Vyckie Garrison reviews a Quiverfull classic, Me? Obey him?
I am no less rational than my (ex)husband. He also is gifted with a strong intuition and emotional intelligence. Convinced as we were that I was more susceptible to Satanic deception, our family was deprived of my reasonable input in decision making. My intelligence was squelched, my intuition was distrusted and my feelings were denied. My husband developed an artificially inflated sense of his own powers of logic. I can’t count how many times he said to me, “What you are saying sounds reasonable, but how do I know that Satan is not using you to deceive me?” I had no good defense. According to the Scriptures, we had every reason to believe that I was indeed being used to lead my husband astray.
What a horrible, sad, tragic way to live. How heart-breaking that Vyckie was convinced that she was susceptible to Satanic deception.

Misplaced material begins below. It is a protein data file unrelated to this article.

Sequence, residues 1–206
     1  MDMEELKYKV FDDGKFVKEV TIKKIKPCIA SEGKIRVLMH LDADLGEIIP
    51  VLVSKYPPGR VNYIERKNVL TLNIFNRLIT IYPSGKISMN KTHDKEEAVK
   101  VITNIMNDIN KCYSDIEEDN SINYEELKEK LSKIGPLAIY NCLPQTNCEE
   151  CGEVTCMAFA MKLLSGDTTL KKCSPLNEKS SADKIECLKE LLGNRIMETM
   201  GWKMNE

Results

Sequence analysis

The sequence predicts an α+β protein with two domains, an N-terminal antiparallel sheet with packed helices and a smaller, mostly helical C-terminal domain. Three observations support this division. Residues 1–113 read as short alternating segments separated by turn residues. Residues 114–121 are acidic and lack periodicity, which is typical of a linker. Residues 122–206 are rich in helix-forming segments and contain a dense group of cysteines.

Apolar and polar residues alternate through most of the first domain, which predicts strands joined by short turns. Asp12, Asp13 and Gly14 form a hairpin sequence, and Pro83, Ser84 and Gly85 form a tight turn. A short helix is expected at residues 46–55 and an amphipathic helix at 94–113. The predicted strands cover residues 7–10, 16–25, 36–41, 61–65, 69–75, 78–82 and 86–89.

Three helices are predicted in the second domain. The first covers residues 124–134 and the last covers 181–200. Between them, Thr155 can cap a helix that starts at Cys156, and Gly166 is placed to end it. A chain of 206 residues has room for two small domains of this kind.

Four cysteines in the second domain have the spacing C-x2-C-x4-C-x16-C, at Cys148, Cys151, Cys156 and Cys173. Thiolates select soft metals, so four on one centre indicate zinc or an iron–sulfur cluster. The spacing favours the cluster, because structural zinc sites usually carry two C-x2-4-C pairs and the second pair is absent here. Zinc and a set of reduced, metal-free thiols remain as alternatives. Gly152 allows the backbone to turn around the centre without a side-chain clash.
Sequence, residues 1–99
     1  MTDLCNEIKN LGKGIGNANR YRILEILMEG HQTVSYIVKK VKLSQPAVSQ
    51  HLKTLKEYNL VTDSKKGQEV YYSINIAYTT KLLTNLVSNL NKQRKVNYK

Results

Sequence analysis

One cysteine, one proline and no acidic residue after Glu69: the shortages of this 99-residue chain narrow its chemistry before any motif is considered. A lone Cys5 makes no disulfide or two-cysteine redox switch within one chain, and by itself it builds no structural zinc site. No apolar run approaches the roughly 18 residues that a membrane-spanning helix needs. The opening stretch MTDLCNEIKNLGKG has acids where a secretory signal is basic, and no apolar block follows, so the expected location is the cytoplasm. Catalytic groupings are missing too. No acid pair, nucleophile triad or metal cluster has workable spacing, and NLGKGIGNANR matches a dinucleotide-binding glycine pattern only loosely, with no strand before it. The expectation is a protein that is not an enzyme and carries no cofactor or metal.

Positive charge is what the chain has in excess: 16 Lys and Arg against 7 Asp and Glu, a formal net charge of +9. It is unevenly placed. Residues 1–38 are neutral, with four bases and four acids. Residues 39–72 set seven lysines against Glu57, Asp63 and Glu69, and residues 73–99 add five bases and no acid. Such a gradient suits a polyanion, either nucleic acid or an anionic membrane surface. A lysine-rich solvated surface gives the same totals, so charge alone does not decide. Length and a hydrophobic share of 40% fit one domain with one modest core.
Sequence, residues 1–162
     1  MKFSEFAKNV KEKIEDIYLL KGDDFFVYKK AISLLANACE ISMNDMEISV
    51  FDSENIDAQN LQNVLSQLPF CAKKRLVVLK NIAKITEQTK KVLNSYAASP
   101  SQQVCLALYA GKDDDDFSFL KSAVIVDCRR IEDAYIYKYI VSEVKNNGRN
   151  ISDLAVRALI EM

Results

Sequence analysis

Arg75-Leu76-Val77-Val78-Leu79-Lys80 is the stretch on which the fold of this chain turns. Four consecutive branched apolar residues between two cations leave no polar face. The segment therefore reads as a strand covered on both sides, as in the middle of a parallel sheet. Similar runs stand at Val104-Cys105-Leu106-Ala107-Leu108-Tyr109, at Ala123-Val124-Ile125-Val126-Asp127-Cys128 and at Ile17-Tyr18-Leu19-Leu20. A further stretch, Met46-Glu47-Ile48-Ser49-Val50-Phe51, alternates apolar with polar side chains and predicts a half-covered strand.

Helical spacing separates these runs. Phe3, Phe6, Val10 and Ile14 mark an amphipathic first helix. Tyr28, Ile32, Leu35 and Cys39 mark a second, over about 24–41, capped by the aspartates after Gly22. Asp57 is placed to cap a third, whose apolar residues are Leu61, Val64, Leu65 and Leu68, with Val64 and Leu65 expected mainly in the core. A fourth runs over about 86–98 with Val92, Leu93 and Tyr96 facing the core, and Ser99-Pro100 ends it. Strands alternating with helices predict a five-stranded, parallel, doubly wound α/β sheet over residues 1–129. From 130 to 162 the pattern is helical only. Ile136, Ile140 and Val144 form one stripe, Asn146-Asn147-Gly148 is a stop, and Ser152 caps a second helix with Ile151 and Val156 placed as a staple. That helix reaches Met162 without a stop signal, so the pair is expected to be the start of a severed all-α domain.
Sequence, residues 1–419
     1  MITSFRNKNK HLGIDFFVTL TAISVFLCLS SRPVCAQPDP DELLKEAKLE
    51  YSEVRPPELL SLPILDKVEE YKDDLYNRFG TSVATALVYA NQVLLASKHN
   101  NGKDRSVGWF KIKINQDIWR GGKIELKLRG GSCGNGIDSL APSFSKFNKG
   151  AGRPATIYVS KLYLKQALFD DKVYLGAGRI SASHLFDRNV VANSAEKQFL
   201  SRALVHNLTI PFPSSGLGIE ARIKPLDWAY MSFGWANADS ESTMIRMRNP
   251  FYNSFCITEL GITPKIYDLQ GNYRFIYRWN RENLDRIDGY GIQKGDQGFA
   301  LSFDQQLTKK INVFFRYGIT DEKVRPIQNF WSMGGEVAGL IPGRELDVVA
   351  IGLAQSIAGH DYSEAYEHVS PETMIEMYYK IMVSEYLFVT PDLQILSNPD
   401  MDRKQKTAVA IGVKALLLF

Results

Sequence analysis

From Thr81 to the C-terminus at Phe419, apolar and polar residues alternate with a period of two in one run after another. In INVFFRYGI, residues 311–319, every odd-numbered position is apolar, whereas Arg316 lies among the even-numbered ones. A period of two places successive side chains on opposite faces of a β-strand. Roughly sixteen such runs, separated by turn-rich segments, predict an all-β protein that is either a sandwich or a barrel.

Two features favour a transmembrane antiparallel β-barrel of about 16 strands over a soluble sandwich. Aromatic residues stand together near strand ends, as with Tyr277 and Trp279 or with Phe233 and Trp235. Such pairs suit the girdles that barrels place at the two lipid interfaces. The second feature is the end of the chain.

But it gets even more so.
When a concerned friend reported our family to Child Protective Services, my ex-husband lost custody of the children due to his abuse. The social worker told me that I was guilty of “failure to protect.” The only thing that prevented me from having my parental rights terminated and my children placed in foster care was my willingness to submit to a full psychological evaluation, undergo individual and family counseling, and cooperate with random unannounced home visits by Social Services.
My older children rightfully blame me for not protecting them against their father’s abuse. Even though they know that I was influenced by books such as “Me? Obey Him?” to believe that it was God’s will to submit to the abuse, my children cannot be fooled into thinking that I was not really responsible for their suffering. I have apologized for my neglect. Most of my children have forgiven me — still, the damage is done and some things can’t (and shouldn’t) be forgotten.
Tantum religio potuit suadere malorum. (That was about a parent abusing a child too. Iphigenia.)